Coast Mountain Bus driver Major Bassi checks a bike rack on the front of a bus in TransLink's expanded Surrey Transit Centre.

Buses get a bigger, better home in Surrey

Upgrade sets stage for transit service expansion South of Fraser

TransLink has unveiled a modernized and expanded transit centre in Surrey that will handle many more buses as service South of the Fraser expands.

The upgraded centre on 132 Street near 76 Avenue will be able to house up to  300 buses, including up to 50 big articulated buses that use hybrid electric engines, as well as compressed natural gas buses.

That’s a big increase from the old capacity of 225 buses, allowing the current Surrey-based fleet of 187 vehicles to expand by as much as 60 per cent as needed.

“We should be good for at least 50 years,” TransLink Chief Operating Officer Doug Kelsey said.

The expansion is important, he said, because of the projected growth in population and demand in the Surrey area.

“We’ll have the capacity to handle even more transit services here that we anticipate will be coming to the South of Fraser area in the years ahead,” Kelsey said.

The $12.7-million project was built with contributions of $2.5 million from the province and $2.1 million from the federal government and officially opened Monday (July 4).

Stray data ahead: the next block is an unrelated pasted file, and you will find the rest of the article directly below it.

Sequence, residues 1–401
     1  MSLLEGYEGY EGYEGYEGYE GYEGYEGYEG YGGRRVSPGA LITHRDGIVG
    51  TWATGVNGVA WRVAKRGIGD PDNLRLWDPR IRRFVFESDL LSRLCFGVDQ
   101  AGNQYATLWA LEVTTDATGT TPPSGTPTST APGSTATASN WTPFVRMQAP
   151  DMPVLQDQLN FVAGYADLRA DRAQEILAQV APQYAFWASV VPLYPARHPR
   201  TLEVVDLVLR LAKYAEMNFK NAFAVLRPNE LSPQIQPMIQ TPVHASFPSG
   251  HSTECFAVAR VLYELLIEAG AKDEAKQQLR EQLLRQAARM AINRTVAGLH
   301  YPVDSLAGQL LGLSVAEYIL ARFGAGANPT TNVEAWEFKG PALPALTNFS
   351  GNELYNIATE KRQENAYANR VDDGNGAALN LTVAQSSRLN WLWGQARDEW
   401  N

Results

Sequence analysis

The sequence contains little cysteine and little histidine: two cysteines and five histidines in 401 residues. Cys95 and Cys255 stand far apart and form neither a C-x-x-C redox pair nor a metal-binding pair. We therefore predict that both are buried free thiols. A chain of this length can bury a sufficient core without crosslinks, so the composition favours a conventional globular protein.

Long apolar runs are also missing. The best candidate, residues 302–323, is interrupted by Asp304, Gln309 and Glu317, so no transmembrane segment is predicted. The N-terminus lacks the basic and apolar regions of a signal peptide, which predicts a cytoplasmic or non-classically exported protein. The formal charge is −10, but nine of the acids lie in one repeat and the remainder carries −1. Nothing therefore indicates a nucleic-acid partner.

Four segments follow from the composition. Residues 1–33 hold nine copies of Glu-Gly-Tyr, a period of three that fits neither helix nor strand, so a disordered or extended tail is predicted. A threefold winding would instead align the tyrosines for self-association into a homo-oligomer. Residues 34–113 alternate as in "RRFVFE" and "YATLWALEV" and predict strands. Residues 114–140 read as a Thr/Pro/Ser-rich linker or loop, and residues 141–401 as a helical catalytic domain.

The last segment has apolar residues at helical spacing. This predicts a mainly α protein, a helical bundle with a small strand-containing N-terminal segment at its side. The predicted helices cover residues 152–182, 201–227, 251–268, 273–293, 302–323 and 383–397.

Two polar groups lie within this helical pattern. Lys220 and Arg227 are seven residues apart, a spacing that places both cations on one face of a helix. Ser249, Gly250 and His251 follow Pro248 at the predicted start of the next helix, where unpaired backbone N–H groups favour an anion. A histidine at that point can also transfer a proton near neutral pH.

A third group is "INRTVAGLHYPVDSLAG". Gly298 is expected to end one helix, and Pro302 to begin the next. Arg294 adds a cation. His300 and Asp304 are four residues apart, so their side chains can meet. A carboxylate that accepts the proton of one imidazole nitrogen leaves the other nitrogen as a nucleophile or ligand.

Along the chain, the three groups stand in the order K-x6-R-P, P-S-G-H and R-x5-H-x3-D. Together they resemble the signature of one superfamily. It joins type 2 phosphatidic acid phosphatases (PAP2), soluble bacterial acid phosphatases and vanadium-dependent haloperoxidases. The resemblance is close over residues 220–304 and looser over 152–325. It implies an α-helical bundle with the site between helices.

The new centre is considered much greener than its predecessor.

The bus washing system has a recycling system that cuts water consumption 80 per cent, while advanced wastewater treatment removes oil and grease.

Bus washing is also faster, getting coaches back in service sooner.

Fuel is now stored above ground, rather than in underground tanks, reducing the risk of soil contamination.

The site houses a vast area for parking buses and a large complex of garage bays for maintenance.

The 650 employees who work there don’t just maintain, fuel and wash buses.

They also run the Transit Communication Centre, which manages the day-to-day operations of TransLink’s entire fleet across Metro Vancouver.

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